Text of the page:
• Each requirement is a complete and independent
  • No sections are marked “to be determined” (TBD)

Software Requirements

traceability
Traceability
  • Each requirement should be contained in a single, numbered paragraph so that it may be referred to in other documents:
    • Backward traceability - implies that we know why every requirement exists
      • Each requirement explicitly references its source in previous documents
    • Forward traceability – allocation of requirement to analysis/design elements.

Software Requirements

consistency
Consistency
  • Different terms used for the same object:
    • F323 and a “policeman details form” might be used to describe the same form.
  • Logical or temporal faults: “A follows B” in one part, “A and B occur simultaneously” in another.
  • “TVRS shall support removal of a policeman record from the personal database” vs. “TVRS shall support read-only access to policeman details”.

Software Requirements

ambiguity
Ambiguity
  • The difficulty of ambiguity stems from the use of natural language which in itself is inherently ambiguous
  • The requirement should be phrased so that there is one and only one interpretation for it
  • Requirement statements should be short, explicit, precise and clear
  • A glossary should be used when a term used in a particular context could have multiple meanings (I.e. “the user”)

Software Requirements

deal only with the problem
Deal only with the problem
  • Requirements should state “what” is required at the appropriate system level, not “how”
    • However, requirements that specify “how" are still legitimate, but are considered as "design constraints"
  • The more abstract the requirement, the less likely it is to be a solution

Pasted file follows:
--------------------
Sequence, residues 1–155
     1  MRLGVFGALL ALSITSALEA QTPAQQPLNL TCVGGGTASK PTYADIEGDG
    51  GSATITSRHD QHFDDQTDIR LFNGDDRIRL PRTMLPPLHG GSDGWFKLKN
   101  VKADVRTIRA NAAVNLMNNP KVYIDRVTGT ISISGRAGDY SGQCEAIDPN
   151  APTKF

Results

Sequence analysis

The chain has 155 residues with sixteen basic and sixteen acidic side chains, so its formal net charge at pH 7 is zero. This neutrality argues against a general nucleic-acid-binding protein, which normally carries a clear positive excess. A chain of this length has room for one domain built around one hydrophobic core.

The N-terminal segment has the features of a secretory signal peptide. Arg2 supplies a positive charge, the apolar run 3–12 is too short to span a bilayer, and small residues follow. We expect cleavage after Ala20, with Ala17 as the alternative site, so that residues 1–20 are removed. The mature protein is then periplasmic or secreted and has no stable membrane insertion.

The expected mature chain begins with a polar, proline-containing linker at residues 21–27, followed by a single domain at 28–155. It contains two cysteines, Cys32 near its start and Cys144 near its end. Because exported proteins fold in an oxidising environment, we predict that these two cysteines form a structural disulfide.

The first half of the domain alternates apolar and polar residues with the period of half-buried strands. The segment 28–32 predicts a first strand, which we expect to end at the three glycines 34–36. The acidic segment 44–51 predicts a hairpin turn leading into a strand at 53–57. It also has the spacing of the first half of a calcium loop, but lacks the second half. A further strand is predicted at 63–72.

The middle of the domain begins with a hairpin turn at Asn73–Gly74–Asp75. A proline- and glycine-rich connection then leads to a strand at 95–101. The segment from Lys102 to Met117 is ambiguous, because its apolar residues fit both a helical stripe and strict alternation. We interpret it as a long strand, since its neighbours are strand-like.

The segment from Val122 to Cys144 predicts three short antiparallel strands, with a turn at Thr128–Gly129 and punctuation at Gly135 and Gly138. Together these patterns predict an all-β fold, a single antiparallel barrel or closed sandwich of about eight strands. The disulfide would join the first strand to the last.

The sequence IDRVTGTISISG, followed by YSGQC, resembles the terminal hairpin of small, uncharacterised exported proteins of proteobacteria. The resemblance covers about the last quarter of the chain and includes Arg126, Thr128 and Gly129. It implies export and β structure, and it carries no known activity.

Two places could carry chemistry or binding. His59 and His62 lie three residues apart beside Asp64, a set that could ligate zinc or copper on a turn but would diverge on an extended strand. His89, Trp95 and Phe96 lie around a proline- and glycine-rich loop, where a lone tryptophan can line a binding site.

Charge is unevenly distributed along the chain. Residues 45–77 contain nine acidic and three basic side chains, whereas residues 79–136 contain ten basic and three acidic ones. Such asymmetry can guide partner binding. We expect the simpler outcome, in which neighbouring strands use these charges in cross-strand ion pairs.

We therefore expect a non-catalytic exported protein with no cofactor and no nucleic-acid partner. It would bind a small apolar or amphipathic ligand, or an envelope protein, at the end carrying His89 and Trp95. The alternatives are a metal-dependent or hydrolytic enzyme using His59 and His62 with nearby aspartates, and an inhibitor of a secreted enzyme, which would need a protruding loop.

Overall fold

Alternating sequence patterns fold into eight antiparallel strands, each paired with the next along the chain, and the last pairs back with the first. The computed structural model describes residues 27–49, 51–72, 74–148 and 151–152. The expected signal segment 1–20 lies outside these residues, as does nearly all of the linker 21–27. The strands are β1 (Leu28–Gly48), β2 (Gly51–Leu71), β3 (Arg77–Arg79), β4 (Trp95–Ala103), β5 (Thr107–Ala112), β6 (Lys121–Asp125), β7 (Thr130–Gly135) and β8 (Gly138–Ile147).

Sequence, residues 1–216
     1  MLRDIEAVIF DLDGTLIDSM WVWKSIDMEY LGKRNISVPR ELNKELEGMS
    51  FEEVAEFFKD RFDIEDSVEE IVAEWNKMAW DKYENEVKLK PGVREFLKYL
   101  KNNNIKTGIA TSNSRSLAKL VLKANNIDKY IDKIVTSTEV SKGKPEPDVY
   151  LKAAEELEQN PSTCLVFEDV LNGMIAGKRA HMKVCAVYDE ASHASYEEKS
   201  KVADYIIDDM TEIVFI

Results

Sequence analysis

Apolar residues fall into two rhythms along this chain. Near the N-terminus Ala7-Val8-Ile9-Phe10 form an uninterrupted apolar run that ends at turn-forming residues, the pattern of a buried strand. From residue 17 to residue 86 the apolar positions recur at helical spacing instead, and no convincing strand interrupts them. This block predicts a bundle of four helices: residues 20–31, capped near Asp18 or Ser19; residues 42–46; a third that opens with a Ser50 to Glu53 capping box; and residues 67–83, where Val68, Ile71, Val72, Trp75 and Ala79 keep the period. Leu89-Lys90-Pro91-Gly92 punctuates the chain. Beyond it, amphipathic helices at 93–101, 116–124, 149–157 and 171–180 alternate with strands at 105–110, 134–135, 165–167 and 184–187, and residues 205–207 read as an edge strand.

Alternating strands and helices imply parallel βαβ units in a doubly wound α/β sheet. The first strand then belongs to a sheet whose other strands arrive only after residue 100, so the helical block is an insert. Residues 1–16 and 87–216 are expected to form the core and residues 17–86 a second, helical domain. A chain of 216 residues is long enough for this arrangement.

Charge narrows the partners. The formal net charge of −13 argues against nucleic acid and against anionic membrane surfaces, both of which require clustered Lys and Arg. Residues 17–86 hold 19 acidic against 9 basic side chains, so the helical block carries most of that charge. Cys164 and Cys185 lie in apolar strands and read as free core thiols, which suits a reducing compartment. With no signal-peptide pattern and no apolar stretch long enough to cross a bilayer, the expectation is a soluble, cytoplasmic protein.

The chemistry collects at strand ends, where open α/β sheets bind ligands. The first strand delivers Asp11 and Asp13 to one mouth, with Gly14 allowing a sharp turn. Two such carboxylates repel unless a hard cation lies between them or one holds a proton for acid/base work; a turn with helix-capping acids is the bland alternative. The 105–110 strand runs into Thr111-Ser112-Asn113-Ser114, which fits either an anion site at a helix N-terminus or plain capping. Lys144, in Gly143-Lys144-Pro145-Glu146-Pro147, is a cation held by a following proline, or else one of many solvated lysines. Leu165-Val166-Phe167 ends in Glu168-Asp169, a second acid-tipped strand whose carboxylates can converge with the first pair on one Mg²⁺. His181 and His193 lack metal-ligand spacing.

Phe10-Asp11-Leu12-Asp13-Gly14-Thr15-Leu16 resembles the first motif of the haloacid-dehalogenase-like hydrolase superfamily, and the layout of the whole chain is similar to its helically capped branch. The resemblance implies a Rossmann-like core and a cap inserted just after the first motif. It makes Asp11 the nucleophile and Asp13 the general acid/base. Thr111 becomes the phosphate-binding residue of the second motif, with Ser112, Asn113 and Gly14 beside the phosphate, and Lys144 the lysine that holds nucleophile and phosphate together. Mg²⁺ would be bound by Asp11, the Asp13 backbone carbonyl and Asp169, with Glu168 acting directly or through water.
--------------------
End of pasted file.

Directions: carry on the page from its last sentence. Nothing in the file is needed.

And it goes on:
• Requirements should be understood by the clients as well as the developers

Software Requirements

testability
Testability
  • A requirements document is testable (verifiable) if and only if every requirement statement in it is testable.
  • A requirement is testable if and only if there is some finite cost-effective way in which a person or machine can check to see if the software product satisfies that requirement.
    • sometimes requirements can only be tested using simulation.

Software Requirements

testable cont
Testable (cont.)
  • Example of a non-verifiable requirement:
    • The TVRS shall complete storage of data within a reasonable time of the user confirming a “Save” sequence
  • Example of a verifiable requirement:
    • The TVRS shall complete storage of data within 5 seconds of the user confirming a “Save” sequence, 80% of the time

Software Requirements

gold plating
Gold Plating
  • The term comes from gold plated bathroom taps.
    • Example: TVRS will play a piece of classical music during initialization
  • Does it matter if this requirement is not included?
  • Sometimes a little gold plating makes a big difference to the acceptance of the product

Software Requirements